Why I'm Ready to Buy a Miner
LONDON -- One sector in which I've been reluctant to invest over the last few years is big miners -- giants like BHP Billiton (NYS: BBL) , Rio Tinto (NYS: RIO) , and Anglo American (OTC: AAUKY). These behemoths of the resource industry have been supremely profitable but a little expensive for my taste, thanks to booming global demand for their commodities. However, slowing growth in China means that is all starting to change, and these shares are starting to show me two key buying signals.
Let me explain.
China's growth rate has slowed slightly this year, causing widespread falls in the share prices of the world's biggest mining companies. Despite this, China's GDP is still expected to grow by about 7% this year -- and from a much larger base than in previous years. This means that global demand for commodities like coal and iron ore will remain strong, but it does mean that the commodities industry is likely to move from flat-out expansion into a more mature "cash cow" phase.
The big miners seem to have anticipated this quite sensibly, with Rio and BHP both announcing scaled-back, more focused investment plans over the last few months. I reckon this good news will give investors who didn't get onboard before the commodities boom a second chance to gain access to these companies' earnings at an attractive price.
Covet thy earnings
Earlier this year, the world's third-richest man, Warren Buffett, ignored market sentiment and increased his holding in one of the U.K.'s biggest companies to more than 5%. He did so because he thought it looked cheap and wanted greater access to its strong, long-term earnings. (You can find out the name of the company Buffett bought and the price he paid in this free Fool report.)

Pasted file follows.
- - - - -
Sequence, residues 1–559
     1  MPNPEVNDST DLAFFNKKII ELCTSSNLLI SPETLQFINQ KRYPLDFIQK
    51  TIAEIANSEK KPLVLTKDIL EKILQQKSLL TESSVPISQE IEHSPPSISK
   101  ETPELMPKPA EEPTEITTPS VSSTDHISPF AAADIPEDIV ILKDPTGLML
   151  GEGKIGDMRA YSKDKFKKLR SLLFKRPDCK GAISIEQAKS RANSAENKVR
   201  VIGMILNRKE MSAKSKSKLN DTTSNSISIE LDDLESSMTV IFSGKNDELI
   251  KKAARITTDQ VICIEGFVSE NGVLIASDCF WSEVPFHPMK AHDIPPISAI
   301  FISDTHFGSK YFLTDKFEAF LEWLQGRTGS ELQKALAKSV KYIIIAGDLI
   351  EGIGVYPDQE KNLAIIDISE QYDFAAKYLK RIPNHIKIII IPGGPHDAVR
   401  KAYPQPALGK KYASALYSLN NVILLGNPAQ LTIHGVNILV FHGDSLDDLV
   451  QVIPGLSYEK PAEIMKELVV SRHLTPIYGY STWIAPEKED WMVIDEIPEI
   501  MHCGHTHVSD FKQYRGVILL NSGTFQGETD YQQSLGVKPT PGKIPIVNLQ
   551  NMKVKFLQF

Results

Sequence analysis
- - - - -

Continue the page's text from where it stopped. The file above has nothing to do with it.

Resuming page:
Buffett's logic is the reason I am currently so attracted to big mining shares.
In 2011, BHP Billiton made operating profits of 19 billion pounds on turnover of 44 billion pounds. Most of the big mining projects BHP and its peers undertake have lifespans measured in decades, virtually guaranteeing a strong, reliable stream of earnings.
As the table below shows, access to mining companies' earnings has become a lot cheaper over the last year, falling much further than the FTSE 100. This mouthwatering cheapness is my first buying signal:
Source: Digital Look; Yahoo! Finance.
Here come the dividends!
My second buying signal is income. BHP, Rio, and Anglo American are all expected to start paying out a greater share of their earnings in dividends over the next few years. As the table below shows, they all have a much higher level of dividend cover than the FTSE 100 average and can easily afford to give shareholders a pay raise:
Source: Digital Look.
These figures suggest to me that a 4%-plus yield will soon be within the reach of shareholders in BHP and Rio, taking their yields above the average for the FTSE 100 -- one of my criteria for buying. Indeed, as I write, BHP offers a 4.1% yield based on its current share price and forecast total dividend for the current financial year.
Ready to buy?
Shares in Rio and Anglo American have now fallen to 2006 levels, and while BHP remains a little more expensive, I believe that all three now offer very good value. My choice will be BHP or Rio -- probably the latter -- but I've got a feeling they might all be cheaper still later this year, so I'm going to keep my powder dry for a little longer yet.
In the meantime, you might be interested to know that the Fool's own team of analysts has also singled out the mining sector as one of the best places to invest in 2012. You can find out which mining shares they are tipping in this free report, "Top Sectors for 2012," which I highly recommend.
Where is the U.K.'s leading dividend stock-picker investing today? The identities of Neil Woodford's favorite blue chips are revealed in this free Motley Fool report: "8 Shares Held By Britain's Super Investor."
Further investment opportunities:
At the time this article was published Roland does not own any of the shares mentioned in this article. The Motley Fool has a disclosure policy. We Fools may not all hold the same opinions, but we all believe thatconsidering a diverse range of insights makes us better investors. Try any of our Foolish newsletter services free for 30 days.